Hou Research

Contact

Name: Ya-Ming Hou, PhD
Position: Professor

233 South 10th Street
BLSB 220
Philadelphia, PA 19107

Telephone: 215-503-4480

The tRNA molecules are essential for the specificity of decoding, which is the key determinant in the speed and quality of cell growth. Elevated levels of tRNAs can lead to cancer, while deficiency in tRNAs can lead to cell toxicity.

Our research provides the basis to gain biochemical, structural, and bioinformatic insights into tRNAs in evolution. These insights are important for understanding the origins of the genetic code and for developing new strategies for drug targeting against diseases arising from errors of tRNA functions.

We have developed a variety of methods, including biochemical, structural, kinetic, and genetic approaches. We focus on one representative enzyme in each case and build a framework of information by examining the enzyme in the larger biological context. Because tRNAs are ancient and enzymes that interact and recognize tRNAs are also ancient, we have a large database to search for related and homologous enzymes in evolution. The tRNA-interacting network is broad and include enzymes and proteins that are in pathways unrelated to protein synthesis. Some of our work published in various journals is mentioned in our publications page.

Research Projects

How does tRNA methylation regulate gene expression?

Project1 - TrmD: m1G37-tRNA Methyl Transferase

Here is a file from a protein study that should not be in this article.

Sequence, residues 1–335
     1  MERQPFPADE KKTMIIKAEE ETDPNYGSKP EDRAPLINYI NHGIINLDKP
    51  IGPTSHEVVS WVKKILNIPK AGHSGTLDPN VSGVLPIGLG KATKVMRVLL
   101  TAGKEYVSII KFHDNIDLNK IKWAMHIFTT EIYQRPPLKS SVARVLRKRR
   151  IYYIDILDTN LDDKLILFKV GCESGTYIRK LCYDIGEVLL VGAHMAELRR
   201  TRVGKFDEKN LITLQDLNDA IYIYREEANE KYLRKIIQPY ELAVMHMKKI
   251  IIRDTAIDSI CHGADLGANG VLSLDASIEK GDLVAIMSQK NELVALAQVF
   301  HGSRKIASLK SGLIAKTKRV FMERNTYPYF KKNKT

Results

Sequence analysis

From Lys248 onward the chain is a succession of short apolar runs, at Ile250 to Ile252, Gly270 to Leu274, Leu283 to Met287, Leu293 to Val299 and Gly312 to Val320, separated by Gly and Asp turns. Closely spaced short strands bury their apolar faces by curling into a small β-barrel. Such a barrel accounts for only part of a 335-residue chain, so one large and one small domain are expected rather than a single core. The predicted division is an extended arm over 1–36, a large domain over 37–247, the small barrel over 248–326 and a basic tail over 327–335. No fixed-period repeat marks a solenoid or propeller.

Methylation of tRNA is the most common form of post-transcriptional modification. With the addition of just one methyl group to a nucleobase or a backbone group, tRNA can gain structural stability in a particular region or decoding specificity upon pairing with an mRNA codon. However, how each methylation confers a unique strength to tRNA is poorly understood.

Recent advance in tRNA biology has opened a new era, in which the primary challenge is no longer to simply know what methylation is expressed and where, but rather to determine how each methylation impacts translation of codons and expression of genomes. We have focused on the m1G37-tRNA methylation, which is necessary to maintain protein synthesis reading frame. Loss of m1G37-tRNA leads to accumulation of +1 frameshift errors, resulting in pre-mature termination of translation and cell death. We are interested in the biology of this methylation and how it regulates gene expression.

How is a tRNA specifically methylated?

Project 2 - How is a tRNA specifically methylated?

The active site of TrmD, the bacteria-specific m1G37-tRNA methyl transferase, uses a knotted protein fold to catalyze methyl transfer. Christian et al., NSMB (2016). The specificity of anticodon-codon base pairing cannot be achieved simply by 3 base pairs. Methylation and modifications of bases adjacent to the anticodon-codon region are necessary.

The m1G37-tRNA methylation is essential for bacterial cell growth. The TrmD enzyme that synthesizes the methylation is unrelated to its human counterpart Trm5, suggesting that TrmD is an attractive target for high throughput screening of novel antibiotics. Other methylation and modifications are essential to protect against oxidative damage on tRNA.

How is a tRNA specifically charged with an amino acid?

File - How is a tRNA specifically charged with an amino acid?

While all tRNA molecules are similar in both the secondary and tertiary structure, how is each specifically charged with an amino acid?

How does impaired tRNA charging and aminoacylation cause human disease? Human Charcot-Marie-Tooth disease is an example where mutations in charging enzymes cause peripheral neuropathy. Other examples involving mutations in tRNA charging enzymes include epileptic encephalopathy. What is the molecular basis that links impaired tRNA charging to these disease phenotypes?